After hitchhiking and praying in the desert, Augustus Invictus returned home to Florida, slaughtered a goat and drank its blood. He moved in with an old friend but their relationship quickly soured. In August 2014, the friend told an Orlando police officer that Augustus Invictus pointed a loaded gun at him in their living room, then claimed he had mistaken the roommate for an intruder. Another roommate noticed a sign above the fireplace labeled “House Rules.” The third rule was: “Trespassers Will Be Shot.”
Augustus Invictus shows up in police reports again in February 2016, when a woman told an Orlando police officer that he pointed a gun in her face after she asked him to leave her apartment. When the cops arrived, he claimed the woman picked the weapon up first and that he only took it out of her hands. Anna Invictus told the police she saw him holding a gun but she did not know who first picked it up. Police recovered a Taurus PT111 9mm Caliber handgun.
The woman who called the cops wanted to press charges but the police determined there wasn’t enough evidence, according to the incident report. The woman, whose name HuffPost is withholding, could not be reached for comment.
Anna and Augustus broke up soon after. She went to law enforcement in March 2016 after the breakup when Augustus Invictus texted her friend and said he was going to burn all of her possessions and shoot her on the spot, she told the police. She also said that he had “battered her numerous times over the last two years” but that she had never reported the violence, according to an Orlando Police Department report. The police referred the case to the state attorney’s office, but Anna Invictus never heard from prosecutors, she told HuffPost.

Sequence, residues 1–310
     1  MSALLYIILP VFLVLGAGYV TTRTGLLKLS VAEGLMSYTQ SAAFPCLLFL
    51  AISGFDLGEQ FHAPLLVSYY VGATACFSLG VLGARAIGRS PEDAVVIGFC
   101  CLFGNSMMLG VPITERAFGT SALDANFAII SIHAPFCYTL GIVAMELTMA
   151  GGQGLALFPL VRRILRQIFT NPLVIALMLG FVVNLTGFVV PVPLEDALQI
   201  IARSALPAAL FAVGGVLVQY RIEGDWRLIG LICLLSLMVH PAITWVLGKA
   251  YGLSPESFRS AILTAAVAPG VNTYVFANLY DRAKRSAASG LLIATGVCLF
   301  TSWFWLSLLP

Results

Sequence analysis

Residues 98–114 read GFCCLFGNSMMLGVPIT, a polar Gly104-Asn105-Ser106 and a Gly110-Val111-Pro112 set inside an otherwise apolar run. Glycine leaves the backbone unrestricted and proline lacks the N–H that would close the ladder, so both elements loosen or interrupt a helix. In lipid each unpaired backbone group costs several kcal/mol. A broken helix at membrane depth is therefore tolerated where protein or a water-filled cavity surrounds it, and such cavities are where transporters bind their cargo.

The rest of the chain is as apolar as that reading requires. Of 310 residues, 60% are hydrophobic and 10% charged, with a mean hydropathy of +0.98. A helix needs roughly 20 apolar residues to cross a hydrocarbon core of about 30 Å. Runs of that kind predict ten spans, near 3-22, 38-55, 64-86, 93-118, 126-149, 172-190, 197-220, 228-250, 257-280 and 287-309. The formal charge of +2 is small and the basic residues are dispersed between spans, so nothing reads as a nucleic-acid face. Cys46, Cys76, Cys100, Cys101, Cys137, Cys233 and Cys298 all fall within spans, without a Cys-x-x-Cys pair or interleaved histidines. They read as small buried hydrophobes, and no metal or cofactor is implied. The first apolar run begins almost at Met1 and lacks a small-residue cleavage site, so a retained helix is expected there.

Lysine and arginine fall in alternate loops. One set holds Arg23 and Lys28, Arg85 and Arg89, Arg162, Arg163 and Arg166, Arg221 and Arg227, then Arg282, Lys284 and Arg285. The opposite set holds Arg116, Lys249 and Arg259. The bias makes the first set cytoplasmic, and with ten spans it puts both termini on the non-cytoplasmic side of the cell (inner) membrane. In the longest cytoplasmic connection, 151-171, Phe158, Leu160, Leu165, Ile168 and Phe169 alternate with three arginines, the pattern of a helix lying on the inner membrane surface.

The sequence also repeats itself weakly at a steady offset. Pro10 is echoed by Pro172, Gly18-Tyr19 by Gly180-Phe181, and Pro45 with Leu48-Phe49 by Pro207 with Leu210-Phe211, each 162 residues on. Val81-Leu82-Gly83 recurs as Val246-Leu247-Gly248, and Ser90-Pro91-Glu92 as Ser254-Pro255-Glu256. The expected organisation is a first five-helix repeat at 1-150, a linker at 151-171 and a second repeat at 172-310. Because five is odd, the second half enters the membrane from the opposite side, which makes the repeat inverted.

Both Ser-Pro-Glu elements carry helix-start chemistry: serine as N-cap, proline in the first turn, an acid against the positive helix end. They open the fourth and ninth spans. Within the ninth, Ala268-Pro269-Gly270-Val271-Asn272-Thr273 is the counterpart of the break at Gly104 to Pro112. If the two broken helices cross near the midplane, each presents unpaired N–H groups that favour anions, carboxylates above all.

She eventually took him back but the alleged abuse quickly resumed. After a fight, Augustus Invictus came home from work and asked Anna Invictus if she was done being a “cunt,” according to an Altamonte Springs, Florida, police report from August 2016. When she tried to answer, he grabbed her by the neck until it was hard to breathe, she told the police. He then put his hand over her mouth and nose. It was still hard to breathe, she said. Then he hit her in the head with an open hand. He asked if she was done arguing with him; she said “yes” to make the violence stop.
Anna Invictus was willing to press charges but she had no visible injuries and Augustus Invictus denied the allegations, according to a comment by the state attorney’s office in the police report. “There would likely be conflicting testimony at trial. Without other corroborating evidence to support the allegation, it is unlikely that the State could overcome its burden of proving the case to the high burden of beyond a reasonable doubt,” the report read.